Posts Tagged 'animal news'

New ‘Walking’ Shark Species Discovered in Indonesia!

A new species of epaulette (carpet) shark was recently discovered off the coast of an island in Indonesia!

New species of epaulette shark. Photo via Conservation International.

New species of epaulette shark. Photo via Conservation International.

The walking shark, Hemiscyllium halamhera, was first seen walking along the sea floor by divers in 2008. Only recently has it been officially recognized as a new species.

This is the third walking shark species found in Indonesia in the past six years! Walking sharks use their fins to navigate along the sea floor in search of small fish and crustaceans. Watch a walking shark do its thing: 

Although new species are discovered almost daily, this finding has given the conservation community new hope for the future of Indonesia’s elasmobranchs (sharks and rays). The local government and emerging dive tourism industry are excited by this discovery and have taken precautions to protect these sharks!

There are nine known species of walking shark in the world, all of which inhabit the shallow waters of very restricted ranges.

Got a question about this new discovery for our experts? Ask them in the comments section! 

From the Curator: A baby in the Rain Forest!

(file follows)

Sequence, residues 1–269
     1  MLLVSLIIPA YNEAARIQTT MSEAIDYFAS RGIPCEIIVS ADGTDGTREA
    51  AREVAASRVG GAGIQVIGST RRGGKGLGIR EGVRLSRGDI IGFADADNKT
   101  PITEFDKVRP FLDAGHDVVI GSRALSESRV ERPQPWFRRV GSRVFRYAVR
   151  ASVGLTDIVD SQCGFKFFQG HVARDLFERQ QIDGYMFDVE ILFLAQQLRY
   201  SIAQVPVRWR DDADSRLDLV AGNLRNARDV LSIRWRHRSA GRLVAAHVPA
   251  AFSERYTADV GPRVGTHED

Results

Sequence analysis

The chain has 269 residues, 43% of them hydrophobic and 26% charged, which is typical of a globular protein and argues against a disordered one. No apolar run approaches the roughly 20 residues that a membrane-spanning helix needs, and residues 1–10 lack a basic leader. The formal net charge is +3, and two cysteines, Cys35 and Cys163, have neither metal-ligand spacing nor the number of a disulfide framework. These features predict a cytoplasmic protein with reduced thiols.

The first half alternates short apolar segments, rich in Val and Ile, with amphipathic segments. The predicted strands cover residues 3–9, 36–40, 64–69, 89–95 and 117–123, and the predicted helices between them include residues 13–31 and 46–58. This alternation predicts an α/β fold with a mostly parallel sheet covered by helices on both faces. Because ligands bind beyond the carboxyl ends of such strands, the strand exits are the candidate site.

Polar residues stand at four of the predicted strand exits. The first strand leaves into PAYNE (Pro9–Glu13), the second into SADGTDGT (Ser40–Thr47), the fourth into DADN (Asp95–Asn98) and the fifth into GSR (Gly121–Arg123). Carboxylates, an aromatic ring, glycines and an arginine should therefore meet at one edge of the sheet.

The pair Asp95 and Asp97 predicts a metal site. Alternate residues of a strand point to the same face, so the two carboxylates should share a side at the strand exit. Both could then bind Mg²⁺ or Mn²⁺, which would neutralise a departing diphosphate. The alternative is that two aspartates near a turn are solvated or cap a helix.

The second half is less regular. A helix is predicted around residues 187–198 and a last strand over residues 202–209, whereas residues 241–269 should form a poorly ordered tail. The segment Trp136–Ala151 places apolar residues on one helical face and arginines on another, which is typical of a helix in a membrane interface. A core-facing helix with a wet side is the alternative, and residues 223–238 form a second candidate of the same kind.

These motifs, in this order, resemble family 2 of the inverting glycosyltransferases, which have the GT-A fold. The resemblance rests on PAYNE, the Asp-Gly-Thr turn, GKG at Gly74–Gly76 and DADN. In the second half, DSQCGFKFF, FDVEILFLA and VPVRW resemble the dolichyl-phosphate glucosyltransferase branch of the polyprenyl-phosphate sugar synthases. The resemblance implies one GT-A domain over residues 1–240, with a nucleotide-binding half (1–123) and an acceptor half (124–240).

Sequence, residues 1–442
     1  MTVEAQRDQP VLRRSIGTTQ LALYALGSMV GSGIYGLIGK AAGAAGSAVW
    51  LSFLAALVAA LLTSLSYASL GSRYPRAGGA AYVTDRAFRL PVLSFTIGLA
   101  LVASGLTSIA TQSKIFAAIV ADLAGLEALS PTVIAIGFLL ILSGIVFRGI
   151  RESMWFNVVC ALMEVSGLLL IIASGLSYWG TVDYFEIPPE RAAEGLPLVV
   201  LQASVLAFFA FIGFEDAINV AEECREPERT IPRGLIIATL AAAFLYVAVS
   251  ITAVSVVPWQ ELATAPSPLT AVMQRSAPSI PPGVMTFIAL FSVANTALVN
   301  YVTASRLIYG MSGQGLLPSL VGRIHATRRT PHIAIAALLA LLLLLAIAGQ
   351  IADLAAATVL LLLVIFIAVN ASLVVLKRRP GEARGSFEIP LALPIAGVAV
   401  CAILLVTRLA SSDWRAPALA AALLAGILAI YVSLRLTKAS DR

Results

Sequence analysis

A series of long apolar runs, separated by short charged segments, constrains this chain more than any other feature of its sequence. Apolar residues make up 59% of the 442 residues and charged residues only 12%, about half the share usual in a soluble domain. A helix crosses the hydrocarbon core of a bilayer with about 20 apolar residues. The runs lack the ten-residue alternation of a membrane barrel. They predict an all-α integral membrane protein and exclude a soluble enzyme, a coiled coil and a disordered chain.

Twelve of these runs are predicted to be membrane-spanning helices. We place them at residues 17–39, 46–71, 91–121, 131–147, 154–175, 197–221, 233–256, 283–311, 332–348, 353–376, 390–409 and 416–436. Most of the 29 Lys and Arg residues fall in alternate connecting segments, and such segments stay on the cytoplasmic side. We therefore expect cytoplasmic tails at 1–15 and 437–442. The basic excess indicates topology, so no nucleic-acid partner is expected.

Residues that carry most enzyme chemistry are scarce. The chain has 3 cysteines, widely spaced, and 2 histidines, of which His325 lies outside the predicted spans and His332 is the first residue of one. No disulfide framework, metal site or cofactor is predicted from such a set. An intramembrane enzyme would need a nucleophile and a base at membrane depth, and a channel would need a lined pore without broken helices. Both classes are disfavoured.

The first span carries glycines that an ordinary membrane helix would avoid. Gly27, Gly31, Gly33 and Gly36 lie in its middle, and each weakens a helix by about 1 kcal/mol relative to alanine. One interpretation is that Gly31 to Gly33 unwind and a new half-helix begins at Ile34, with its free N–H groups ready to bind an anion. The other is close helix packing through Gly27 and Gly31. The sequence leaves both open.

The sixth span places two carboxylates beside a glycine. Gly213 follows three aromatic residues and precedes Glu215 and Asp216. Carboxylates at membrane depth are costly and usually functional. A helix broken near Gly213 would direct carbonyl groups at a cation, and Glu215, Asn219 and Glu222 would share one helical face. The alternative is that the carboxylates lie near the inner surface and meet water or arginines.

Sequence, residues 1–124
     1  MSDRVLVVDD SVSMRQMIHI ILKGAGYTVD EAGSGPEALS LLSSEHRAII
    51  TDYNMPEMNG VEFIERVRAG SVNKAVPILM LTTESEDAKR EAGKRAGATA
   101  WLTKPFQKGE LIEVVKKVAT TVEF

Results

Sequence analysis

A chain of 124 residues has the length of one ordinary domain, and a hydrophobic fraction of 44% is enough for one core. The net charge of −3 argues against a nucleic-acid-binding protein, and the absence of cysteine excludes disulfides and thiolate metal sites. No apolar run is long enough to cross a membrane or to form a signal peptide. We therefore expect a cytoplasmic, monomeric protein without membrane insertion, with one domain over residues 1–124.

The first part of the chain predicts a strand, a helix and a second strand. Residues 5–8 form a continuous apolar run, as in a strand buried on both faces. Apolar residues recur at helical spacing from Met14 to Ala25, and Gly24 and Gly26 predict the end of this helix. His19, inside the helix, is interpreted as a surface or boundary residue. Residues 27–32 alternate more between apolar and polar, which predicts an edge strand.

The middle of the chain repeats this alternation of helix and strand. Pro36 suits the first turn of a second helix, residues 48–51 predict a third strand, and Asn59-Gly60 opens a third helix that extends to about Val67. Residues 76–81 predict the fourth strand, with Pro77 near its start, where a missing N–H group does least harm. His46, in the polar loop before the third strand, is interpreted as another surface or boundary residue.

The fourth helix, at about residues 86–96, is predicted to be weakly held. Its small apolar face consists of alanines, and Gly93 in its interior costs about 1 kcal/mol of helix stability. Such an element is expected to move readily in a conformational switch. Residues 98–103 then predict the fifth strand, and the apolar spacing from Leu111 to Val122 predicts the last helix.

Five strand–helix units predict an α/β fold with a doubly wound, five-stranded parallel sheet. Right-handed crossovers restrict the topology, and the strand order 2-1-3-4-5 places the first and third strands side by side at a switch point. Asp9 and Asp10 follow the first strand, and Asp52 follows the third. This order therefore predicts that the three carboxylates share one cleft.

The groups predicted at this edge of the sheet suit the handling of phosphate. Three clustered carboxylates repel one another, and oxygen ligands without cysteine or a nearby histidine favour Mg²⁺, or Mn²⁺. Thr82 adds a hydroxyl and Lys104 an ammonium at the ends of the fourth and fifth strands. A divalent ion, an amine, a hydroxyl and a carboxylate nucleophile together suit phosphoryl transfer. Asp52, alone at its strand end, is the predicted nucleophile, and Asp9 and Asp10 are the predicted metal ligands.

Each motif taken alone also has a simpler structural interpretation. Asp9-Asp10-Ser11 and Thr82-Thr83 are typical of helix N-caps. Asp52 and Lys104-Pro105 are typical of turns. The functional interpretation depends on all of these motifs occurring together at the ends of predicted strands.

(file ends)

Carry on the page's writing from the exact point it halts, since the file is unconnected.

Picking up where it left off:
From Ken Howell: Curator of Rain Forest exhibits

We are very excited to announce a new addition to our Upland Tropical  Rain Forest exhibit!

Earlier in September, during the daily check-up of our two-toed sloths, we found that Rose had given birth to an infant.  The infant, approximately 8 inches long at birth, was born fully haired and already has its trademark claws.  The baby sloth is actively clinging and crawling about on its mom, and looks strong and healthy. 

This birth of a baby sloth, the first for the Aquarium, was certainly a ‘hoped for’ event but wasn’t planned.  Despite the fact that the two-toed sloth is fairly common, many of its most basic life history facts are still a mystery.  The discrepancy is due to the fact that actual mating is rarely observed.

Continue reading ‘From the Curator: A baby in the Rain Forest!’


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